Talking To Kids About Money

OCEAN CITY — It’s an age-old parenting dilemma. When a child begins to edge into adulthood, how do you make sure he or she has the knowledge and skills needed to make smart financial decisions? Even if you’re wealthy enough to provide your kids with support and security, you may not want to deprive them of motivation or the gratifying — and educational — experience of succeeding on their own. At the same time, however, today’s depressed job market for younger workers could present challenges.

It’s critical to recognize that becoming financially independent is a journey—one that may take longer in today’s uncertain economy. “Achieving financial autonomy is a transition rather than an abrupt change,” notes Eileen Gallo, co-author of Silver Spoon Kids: How Successful Parents Raise Responsible Children. “Early adulthood is a time of exploration, of finding out who you are. If your son or daughter is on target by 25, that’s great. But maybe that’s not to be.”

Fortunately, there are ways that allow parents to ease the journey to financial autonomy. Here are six ideas for providing education about money matters and judicious financial support.

1. Share information. Affluent parents are often so concerned about their children feeling entitled that they keep them in the dark about the family’s assets. But children often learn a family’s values best by observing those principles in action, notes Stacy Allred, director, Wealth Structuring Group at Merrill Lynch. “Entitlement is a natural state we all go through in youth,” she says. “To emerge into stewardship, you need to learn about money and accountability.”

It can be helpful to ease into sharing elements of financial planning. Rather than revealing your entire investment portfolio, for example, start by reviewing a college savings account once each quarter. “One family I worked with had their son attend family finance meetings from when he was quite young,” Allred says. “Early on, the statements he saw had percentages instead of dollars; then later, when he was emotionally ready, he got to see the dollars as well.”

2. Explain the importance of budgeting and saving. Helping a teenager or young adult create a monthly budget is a great way to instill financial discipline. “Sit down and discuss the basics of money management,” Gallo urges. “Or, if there’s resistance to your involvement — which is common at these ages — bring in your Financial Advisor. He or she can help kids create a budget, learn basic skills like paying bills online and discuss planning their financial future.”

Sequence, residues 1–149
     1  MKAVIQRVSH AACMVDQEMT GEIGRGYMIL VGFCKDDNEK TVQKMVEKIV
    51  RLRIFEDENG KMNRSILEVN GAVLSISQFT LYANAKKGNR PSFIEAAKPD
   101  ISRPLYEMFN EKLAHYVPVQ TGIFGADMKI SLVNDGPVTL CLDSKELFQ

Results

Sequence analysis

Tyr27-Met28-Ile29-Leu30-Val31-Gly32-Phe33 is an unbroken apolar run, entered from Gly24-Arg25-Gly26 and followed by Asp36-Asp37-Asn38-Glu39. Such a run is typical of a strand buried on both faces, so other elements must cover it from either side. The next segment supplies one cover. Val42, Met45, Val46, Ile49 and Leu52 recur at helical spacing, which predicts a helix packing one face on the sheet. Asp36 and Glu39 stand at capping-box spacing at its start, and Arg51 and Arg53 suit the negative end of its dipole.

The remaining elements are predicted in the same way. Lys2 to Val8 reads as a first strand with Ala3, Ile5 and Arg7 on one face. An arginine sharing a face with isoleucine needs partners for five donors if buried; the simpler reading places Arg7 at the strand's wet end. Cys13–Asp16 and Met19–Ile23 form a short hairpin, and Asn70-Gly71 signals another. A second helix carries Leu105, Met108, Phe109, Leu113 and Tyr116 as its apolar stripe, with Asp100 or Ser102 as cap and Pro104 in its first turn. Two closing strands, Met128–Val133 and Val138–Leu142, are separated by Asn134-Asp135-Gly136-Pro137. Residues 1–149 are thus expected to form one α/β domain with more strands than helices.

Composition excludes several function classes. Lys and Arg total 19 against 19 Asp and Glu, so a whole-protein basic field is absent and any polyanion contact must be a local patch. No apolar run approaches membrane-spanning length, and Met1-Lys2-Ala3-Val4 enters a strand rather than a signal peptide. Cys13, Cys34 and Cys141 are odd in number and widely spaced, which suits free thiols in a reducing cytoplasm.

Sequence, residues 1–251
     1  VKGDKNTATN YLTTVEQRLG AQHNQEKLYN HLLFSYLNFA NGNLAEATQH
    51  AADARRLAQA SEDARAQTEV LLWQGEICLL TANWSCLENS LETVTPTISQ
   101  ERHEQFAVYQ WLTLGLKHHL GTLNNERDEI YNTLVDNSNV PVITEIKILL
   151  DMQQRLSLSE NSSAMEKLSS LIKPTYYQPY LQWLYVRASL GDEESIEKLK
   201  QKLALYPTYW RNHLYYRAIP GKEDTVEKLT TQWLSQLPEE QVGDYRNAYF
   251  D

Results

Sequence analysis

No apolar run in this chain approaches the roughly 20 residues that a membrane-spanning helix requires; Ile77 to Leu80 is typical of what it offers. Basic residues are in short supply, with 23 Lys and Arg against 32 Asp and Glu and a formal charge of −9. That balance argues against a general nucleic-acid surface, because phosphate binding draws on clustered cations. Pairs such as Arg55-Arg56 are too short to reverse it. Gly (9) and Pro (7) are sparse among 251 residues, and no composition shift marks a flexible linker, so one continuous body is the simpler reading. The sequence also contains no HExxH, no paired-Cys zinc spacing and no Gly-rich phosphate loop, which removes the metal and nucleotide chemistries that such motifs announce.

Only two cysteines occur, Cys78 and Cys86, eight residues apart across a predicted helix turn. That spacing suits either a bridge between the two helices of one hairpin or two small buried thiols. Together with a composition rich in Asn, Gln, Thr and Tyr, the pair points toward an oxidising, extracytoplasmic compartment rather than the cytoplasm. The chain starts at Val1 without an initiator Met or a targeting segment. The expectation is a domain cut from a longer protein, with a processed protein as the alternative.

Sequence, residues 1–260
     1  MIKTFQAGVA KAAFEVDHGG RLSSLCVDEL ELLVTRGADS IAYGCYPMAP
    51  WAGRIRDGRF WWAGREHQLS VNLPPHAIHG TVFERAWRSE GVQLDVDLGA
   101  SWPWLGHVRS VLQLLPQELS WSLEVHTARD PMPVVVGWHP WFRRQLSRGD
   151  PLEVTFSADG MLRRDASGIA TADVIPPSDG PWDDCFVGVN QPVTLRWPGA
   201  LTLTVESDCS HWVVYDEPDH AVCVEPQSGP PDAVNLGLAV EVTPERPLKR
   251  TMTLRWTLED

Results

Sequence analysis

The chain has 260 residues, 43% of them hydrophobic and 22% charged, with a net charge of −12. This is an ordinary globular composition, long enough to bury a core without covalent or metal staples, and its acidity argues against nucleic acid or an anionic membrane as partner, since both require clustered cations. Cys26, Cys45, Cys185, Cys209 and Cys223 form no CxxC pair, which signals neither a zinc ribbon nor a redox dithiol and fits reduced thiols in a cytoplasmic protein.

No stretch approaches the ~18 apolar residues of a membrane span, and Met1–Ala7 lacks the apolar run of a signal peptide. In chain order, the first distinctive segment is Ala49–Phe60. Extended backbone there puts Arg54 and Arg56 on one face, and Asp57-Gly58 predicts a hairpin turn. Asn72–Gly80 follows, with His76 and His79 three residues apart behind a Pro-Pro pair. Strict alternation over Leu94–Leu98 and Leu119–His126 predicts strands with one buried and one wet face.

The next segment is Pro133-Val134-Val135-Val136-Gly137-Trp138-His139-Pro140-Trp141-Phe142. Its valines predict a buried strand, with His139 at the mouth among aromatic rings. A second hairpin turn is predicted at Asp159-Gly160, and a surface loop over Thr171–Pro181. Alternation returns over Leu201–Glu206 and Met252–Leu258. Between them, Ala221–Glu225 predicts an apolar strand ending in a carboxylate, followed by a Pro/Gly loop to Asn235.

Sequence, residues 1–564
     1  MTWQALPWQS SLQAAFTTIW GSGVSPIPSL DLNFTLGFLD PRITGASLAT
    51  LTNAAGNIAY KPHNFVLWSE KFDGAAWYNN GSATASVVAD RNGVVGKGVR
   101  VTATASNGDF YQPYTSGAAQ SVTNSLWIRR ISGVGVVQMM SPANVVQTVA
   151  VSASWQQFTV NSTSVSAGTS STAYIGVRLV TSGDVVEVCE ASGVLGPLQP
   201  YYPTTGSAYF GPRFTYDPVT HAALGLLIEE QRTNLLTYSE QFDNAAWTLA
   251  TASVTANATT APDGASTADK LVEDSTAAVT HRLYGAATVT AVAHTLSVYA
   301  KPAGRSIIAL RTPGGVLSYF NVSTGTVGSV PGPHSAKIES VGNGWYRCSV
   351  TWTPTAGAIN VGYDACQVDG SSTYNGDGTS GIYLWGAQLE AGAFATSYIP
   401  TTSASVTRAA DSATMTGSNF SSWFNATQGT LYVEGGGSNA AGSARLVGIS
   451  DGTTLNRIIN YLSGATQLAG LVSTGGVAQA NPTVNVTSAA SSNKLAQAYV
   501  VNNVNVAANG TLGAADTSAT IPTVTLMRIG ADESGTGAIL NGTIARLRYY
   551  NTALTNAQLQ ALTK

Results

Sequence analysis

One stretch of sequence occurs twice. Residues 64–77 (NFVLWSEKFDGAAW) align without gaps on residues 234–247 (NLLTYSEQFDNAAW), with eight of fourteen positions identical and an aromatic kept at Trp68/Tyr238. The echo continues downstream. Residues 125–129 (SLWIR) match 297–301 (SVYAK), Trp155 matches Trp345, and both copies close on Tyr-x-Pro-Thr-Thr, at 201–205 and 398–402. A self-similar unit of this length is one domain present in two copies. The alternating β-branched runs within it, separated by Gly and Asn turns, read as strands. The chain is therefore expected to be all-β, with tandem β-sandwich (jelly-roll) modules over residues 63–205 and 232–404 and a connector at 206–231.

3. Use philanthropy as a teaching tool. For example, children can be allotted a giving budget and charged with jointly evaluating charities and deciding which ones to support. Of course, this will also have the direct effect of teaching kids about the importance of philanthropy itself.

4. Introduce investing. Investing smaller sums with limited consequences is a great way to learn about making informed choices and managing risk, particularly in a market plagued with uncertainty. “One option is to open custodial accounts with starter funds for each child and let them work with your Financial Advisor to create a small portfolio and evaluate its performance,” Allred says. “Be sure to explain that it’s not about never making a mistake; it’s about learning from those you make.”

5. Let them falter. Whether it’s a bad investment or a splurge that busts the monthly budget, a misstep is bound to happen every so often. When one occurs, resist the urge to swoop in and rescue your child financially.

6. Offer selective support. There are some expenses it may make sense to fund, such as medical insurance, continuing education, vocational testing or therapy. “These are things you feel are important but which, faced with paying such costs themselves, your son or daughter might not do,” Gallo explains. “Making sure your child has health insurance or the guidance she needs to figure out what she wants to do with her life is not an indulgence.”

Families with greater assets that want to set up trusts for kids can actually tie trust distributions to certain benchmarks. One idea, Gallo suggests, is to create a “results-oriented trust,” which identifies specific results for a beneficiary to achieve while offering some degree of flexibility. Alternatively, a trust could simply state that the children will receive their money whenever the trustee—who could be a family friend or a trusted financial professional—is confident that they are mature enough to handle it. A Financial Advisor can help you obtain more information about the various trusts you can use.

Every family will have its own idea about what specific assets to give the next generation, and when. But the most valuable things to give your children may well be the knowledge and skills they need to spend, save, invest and share their income responsibly.

(The writer is a senior financial advisor and can be reached at 410-213-8520.)